Pensions: Remember Those?

Pensions are one of those things that millenials, such as myself, will likely have heard over, but never actually see, like top hats or slide rules.  In a bygone era, pensions were instituted in order to provide retirees from many enterprises, be they public or private, income security.  The idea was great, as it mandated a certain basic income that retirees were eligible to receive.  The problem with pensions, as has always been the problem with pensions, is that they’re easy to promise, but they’re hard, hard, hard to fund.

Most of us likely have self-funded (with partial contributions from our employers) retirement accounts in the form of 401(k) accounts (or some such other IRS designation similar to a 401(k)).  The bottom line is that the worker, and noone else, is responsible for funding those accounts.  Pensions are generally referred to as ‘defined benefit’ plans, and the rest generally fall under the heading ‘defined contribution.’

So the problem that inevitably arises, as with nearly every single pension fund in the United States, is that the total commitments to retirees far outstrip the pool of cash made available to pay out.  Basically, they promise far more than they’re able to deliver.  Pension funds are usually raided when budgetary matters get rough, and they need a quick fix.  Probably the biggest offender would be the federal government, who has systematically switched out cash assets from the Social Security Trust and replaced them with Treasury bills, which is equivalent to putting an IOU in the cookie jar.

Wayne County, the home of Detroit, has just such a mess on its hands.  There are about 5,000 retirees that are eligible for pensions, and a rapidly shrinking pool of money with which to pay them.  The stock market has battered the county’s finances, and it’s likely that total liabilities will outstrip the available assets by a country mile when all the liabilities come due.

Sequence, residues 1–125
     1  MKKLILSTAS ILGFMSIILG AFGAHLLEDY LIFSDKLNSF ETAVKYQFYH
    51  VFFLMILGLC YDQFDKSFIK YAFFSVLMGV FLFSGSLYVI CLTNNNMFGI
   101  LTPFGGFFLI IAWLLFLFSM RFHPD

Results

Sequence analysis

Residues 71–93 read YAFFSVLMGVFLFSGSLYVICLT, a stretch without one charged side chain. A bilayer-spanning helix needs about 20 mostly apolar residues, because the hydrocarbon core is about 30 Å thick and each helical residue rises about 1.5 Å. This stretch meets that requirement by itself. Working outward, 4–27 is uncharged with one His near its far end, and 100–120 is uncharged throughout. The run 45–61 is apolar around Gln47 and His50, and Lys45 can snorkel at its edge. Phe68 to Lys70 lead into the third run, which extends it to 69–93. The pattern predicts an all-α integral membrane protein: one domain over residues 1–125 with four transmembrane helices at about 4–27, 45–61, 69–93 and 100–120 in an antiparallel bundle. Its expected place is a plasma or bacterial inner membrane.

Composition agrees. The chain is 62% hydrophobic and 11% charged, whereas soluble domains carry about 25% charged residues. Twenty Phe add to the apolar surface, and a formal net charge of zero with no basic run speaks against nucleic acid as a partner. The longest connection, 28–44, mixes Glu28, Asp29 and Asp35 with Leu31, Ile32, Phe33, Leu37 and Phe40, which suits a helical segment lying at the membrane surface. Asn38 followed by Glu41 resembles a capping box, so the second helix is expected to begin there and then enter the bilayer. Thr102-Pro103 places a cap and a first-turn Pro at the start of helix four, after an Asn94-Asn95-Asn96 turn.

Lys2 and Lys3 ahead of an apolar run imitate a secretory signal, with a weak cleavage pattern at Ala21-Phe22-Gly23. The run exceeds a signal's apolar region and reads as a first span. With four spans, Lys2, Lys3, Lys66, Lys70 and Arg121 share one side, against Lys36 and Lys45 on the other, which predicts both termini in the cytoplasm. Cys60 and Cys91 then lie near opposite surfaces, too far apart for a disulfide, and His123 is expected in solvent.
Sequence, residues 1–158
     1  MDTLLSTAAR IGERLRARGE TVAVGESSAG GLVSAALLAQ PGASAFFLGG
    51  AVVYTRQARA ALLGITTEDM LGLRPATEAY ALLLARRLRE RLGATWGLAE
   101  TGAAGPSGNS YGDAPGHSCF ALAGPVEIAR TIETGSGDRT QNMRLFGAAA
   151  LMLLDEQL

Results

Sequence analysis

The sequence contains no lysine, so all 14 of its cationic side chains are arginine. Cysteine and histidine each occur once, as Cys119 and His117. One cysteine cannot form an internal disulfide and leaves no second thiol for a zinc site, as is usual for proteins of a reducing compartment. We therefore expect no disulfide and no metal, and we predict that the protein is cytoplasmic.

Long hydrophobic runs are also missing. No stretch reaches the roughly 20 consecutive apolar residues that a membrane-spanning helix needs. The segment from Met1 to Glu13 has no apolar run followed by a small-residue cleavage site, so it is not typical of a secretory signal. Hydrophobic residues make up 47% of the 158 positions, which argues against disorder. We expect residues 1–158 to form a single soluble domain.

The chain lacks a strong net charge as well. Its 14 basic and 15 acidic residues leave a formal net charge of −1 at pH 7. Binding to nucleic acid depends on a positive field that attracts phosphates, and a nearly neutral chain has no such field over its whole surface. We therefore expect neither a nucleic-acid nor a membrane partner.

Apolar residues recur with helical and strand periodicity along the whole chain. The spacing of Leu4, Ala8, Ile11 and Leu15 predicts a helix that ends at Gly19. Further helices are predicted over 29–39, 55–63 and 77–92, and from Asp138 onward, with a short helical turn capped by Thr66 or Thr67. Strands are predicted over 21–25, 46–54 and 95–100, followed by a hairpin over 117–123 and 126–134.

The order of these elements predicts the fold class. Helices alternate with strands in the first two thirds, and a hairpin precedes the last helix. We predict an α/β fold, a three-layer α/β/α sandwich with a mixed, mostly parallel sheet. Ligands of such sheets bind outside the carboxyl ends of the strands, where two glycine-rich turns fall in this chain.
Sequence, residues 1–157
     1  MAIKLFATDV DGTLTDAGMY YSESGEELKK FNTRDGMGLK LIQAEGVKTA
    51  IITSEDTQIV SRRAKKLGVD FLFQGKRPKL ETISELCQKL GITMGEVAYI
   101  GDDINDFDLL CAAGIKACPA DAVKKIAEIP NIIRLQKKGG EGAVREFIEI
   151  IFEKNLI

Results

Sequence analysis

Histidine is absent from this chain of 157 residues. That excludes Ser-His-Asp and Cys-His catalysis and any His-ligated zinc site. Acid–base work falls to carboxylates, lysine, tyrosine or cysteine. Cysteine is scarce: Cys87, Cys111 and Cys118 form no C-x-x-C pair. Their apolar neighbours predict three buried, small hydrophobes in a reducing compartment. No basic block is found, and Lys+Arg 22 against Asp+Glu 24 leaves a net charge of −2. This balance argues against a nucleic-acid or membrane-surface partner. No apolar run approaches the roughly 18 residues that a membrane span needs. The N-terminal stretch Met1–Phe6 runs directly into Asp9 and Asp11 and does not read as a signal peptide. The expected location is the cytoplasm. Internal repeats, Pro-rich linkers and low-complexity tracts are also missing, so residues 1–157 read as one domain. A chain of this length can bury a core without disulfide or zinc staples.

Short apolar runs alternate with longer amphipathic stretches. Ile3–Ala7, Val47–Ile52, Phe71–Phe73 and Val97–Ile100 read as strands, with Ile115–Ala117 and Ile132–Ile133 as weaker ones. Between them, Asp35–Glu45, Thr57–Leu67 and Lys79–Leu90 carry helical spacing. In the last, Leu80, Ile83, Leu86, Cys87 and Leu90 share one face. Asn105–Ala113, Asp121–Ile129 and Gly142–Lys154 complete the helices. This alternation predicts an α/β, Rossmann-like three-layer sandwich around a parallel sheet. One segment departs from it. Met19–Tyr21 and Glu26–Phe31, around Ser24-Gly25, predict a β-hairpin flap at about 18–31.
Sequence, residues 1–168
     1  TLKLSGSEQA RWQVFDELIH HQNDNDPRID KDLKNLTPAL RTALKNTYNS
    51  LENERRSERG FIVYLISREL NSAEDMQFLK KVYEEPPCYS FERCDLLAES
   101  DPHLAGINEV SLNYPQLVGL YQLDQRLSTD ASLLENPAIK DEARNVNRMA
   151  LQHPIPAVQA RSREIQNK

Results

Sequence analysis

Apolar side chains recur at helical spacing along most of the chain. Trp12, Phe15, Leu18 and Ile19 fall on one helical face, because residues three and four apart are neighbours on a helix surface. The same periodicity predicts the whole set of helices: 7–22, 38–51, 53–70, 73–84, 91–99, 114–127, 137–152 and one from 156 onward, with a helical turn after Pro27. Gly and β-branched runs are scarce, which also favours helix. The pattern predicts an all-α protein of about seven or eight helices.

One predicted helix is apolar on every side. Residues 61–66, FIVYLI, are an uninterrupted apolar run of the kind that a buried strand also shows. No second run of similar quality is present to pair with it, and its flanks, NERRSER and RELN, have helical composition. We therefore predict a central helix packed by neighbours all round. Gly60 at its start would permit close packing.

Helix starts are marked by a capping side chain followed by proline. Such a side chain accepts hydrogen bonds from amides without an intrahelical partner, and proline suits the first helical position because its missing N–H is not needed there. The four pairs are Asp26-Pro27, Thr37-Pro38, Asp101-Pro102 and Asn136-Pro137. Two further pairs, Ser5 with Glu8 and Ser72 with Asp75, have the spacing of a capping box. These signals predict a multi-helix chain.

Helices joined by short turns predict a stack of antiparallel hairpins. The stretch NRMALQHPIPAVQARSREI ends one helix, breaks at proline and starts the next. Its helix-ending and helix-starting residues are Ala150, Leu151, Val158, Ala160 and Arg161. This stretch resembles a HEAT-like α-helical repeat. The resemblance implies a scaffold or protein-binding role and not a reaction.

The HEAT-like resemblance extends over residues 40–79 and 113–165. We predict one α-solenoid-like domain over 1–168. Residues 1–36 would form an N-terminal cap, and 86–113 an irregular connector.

It’s not that I’m against pensions, it’s just that there’s no good way to pay for them.  Making individuals responsible for their own retirement savings (along with partial contributions from the employer) is much more efficient, not to mention fair, than pensions.  Because, at the end of the day, what will happen is that the taxpayer is going to be stuck holding the bag on a pension for a retired public servant when they’ve been struggling to fund their own retirements.

I also don’t think that we should renege on the commitments that we’ve made to retirees either.  They worked their jobs with the expectation that they’d be able to retire in a certain way.  In many cases, this is the only retirement income that individuals have.  Going forward, however, I think that retirements ought to be self-funded.

And another word on retirements.  Whenever economic times are tough, there’s a certain amount of vitriol that enters the public discourse. Yes, times are tough, and the times that it becomes necessary to address these issues, when they become most pressing, are at the precise moment when it becomes the most difficult as well.  This too, shall pass.  When the economy recovers, and it will, this will become easier to fix.  Until then, expect the absolute worst when it comes to discussing this, let alone taking action.

Romney’s Democratic Doppelganger